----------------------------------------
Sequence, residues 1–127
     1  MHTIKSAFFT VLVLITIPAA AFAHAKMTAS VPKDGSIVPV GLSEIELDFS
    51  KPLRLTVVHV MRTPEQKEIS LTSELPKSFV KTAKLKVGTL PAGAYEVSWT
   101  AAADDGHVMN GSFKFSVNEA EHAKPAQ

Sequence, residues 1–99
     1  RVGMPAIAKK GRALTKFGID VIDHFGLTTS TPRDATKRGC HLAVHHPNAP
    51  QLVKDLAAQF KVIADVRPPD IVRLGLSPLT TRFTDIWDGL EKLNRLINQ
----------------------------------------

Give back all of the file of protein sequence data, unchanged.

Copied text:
Sequence, residues 1–127
     1  MHTIKSAFFT VLVLITIPAA AFAHAKMTAS VPKDGSIVPV GLSEIELDFS
    51  KPLRLTVVHV MRTPEQKEIS LTSELPKSFV KTAKLKVGTL PAGAYEVSWT
   101  AAADDGHVMN GSFKFSVNEA EHAKPAQ

Sequence, residues 1–99
     1  RVGMPAIAKK GRALTKFGID VIDHFGLTTS TPRDATKRGC HLAVHHPNAP
    51  QLVKDLAAQF KVIADVRPPD IVRLGLSPLT TRFTDIWDGL EKLNRLINQ